Sodium lauryl sulfate is considered to be helpful in stabilizing the product. As an emulsifier, the ingredient helps to keep the other ingredients in the product mixed, preventing separation or splitting. This makes the ingredient popular with manufacturers, as several desired product properties can be achieved with just one ingredient – which makes products slightly cheaper. The SLS concentration is comparatively lower in skin care products compared to cleaning products that are intended for washing off.

What types of products contain sodium lauryl sulfate?

Sodium lauryl sulfate Used primarily in toothpaste, shampoos, soaps, and facial cleansers, but can also be found in skin care products such as moisturizers, hair gels, lip balms, and hair removal creams.

Sodium Lauryl Sulphate versus Sodium Laureth Sulphate

If you’ve heard of Sodium Lauryl Sulphate, you’ve likely come across the similar-sounding Sodium Laureth Sulphate. The two sulfates are commonly used in skin care and cosmetic products, sometimes together. Their similar-sounding names may be confusing, but you would rightly think that they share similar properties in skin care products. The main difference is that sodium laureth sulfate binds less to the skin, resulting in a reduced chance of irritation or sensitivity.

What are the side effects of using Sodium Lauryl Sulphate?

The two main points of contention with using SLS in skin care and hair care products are that it can remove the natural oils and cause irritation.

Natural oils protect the skin and regulate the moisture content. Some argue that using SLS products can remove this protective barrier and cause sensitivity. That’s right, using an SLS product can result in the natural oil barrier being lowered. Unfortunately, these natural oils keep dirt and grime close to the skin, so cleaning is important too. The balance really lies in knowing whether your skin needs a powerful cleansing ingredient like SLS or if it needs something a little milder. If you have oily or normal skin that isn’t sensitive or irritated, SLS products are generally fine and likely not to cause irritation or dryness. However, if you have dry or sensitive skin, avoiding SLS can be a good decision.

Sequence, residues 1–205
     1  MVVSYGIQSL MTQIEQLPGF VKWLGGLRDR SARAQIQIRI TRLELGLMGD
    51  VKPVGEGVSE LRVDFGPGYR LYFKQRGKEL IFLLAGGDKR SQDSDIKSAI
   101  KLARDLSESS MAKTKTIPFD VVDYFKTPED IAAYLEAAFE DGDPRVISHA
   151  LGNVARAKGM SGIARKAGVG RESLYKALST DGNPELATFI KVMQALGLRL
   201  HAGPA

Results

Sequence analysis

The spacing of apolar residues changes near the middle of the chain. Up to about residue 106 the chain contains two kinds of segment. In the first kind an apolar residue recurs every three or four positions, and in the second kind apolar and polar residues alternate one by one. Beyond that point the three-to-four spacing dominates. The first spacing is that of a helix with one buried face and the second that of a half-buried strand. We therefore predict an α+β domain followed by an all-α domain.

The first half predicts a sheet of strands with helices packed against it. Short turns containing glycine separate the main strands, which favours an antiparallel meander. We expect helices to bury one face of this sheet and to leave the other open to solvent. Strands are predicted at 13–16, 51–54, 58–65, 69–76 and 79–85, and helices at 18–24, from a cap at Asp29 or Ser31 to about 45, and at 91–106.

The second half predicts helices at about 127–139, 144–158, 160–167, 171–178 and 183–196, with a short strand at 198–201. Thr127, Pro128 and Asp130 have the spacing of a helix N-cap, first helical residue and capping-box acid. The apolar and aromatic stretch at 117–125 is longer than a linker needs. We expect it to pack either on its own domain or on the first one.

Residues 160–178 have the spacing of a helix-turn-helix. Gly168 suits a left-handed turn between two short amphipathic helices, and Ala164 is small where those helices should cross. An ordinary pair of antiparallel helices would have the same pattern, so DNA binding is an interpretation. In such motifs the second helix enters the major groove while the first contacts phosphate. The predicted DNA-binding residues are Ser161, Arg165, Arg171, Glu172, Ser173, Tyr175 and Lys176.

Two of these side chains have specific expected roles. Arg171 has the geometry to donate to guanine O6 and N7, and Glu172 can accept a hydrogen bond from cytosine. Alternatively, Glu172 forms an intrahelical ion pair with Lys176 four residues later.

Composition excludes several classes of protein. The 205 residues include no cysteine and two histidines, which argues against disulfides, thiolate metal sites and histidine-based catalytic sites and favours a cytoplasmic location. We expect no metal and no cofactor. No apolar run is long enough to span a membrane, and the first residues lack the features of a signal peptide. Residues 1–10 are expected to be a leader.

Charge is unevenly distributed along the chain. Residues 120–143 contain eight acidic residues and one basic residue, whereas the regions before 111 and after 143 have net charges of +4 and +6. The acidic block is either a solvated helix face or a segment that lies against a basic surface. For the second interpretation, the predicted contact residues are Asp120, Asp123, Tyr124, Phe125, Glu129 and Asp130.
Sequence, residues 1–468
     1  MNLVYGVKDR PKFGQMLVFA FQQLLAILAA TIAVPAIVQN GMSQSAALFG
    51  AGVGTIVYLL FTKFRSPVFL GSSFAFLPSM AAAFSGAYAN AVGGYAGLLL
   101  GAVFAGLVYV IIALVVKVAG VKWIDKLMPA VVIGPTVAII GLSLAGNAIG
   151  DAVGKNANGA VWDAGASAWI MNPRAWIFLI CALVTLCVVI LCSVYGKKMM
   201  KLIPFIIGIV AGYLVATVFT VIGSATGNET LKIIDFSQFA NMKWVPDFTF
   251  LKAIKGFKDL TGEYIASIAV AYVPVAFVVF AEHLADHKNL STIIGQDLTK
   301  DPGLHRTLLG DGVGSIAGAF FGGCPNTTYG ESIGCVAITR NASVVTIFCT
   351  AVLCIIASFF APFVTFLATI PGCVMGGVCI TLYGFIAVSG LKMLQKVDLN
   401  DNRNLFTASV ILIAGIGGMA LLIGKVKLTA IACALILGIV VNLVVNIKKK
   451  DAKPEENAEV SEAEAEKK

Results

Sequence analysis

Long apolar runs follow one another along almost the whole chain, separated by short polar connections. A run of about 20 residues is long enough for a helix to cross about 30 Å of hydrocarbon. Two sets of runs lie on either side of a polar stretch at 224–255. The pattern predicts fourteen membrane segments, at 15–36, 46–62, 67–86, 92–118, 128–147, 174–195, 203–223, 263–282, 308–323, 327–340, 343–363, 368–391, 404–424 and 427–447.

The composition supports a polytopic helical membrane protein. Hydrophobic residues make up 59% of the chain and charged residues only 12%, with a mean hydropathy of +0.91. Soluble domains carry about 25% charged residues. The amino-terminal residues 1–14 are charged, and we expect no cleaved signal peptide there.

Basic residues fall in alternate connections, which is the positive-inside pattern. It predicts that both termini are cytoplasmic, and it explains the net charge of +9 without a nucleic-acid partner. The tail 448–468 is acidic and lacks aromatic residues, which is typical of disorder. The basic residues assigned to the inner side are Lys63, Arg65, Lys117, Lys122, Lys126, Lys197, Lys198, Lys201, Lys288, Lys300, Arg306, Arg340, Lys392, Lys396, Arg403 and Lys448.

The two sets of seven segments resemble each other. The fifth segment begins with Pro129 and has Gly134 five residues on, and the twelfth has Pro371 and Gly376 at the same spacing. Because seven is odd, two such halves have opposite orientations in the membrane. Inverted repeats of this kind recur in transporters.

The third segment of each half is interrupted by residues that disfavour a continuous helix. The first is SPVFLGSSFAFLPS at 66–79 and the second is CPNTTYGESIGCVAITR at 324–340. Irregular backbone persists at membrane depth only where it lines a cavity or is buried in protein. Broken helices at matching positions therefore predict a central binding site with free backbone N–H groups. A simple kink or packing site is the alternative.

In terms of hair care products, products containing SLS may also not be suitable for you if you have colored, fine, or dry / textured hair. During the stripping process, SLS can remove the natural oils and dull colored hair, and dry out dry or textured hair.

Is Sodium Lauryl Sulphate Safe?

Practical experience and studies have shown that sodium lauryl sulfate, although milder than the SLES, can cause skin irritation during and after use of a product containing SLS.

The ingredient can cause itching, pain, and redness when in contact with the eyes, and high concentrations of the compound in skin care and hair care products can also cause excessive dryness. In some cases, the presence of sodium laurel sulfate in toothpaste can even lead to the development of mouth pain. Although there is little risk of bioaccumulation problems after using products with this ingredient, side effects are unlikely and not long term. However, there is the presence of sodium laurel sulfate Hair dye can dry out the strands of hair, making them brittle and difficult to repair quickly. This can become a nuisance for those with long or dry hair.

References:Bondi, C, Marks, J, Wroblewski, L, Raatikainen, H, Lenox, S & Gebhardt, K, 2015. “Human and Environmental Toxicity of Sodium Lauryl Sulphate (SLS): Indications for Safe Use in Household Cleaning Products,” Environmental Health Insights, 9, 27-32.
CIR, 1983. “7 Final Report on the Safety Assessment of Sodium Lauryl Sulphate and Ammonium Lauryl Sulphate”, International Journal of Toxicology

Leave A Reply

Your email address will not be published.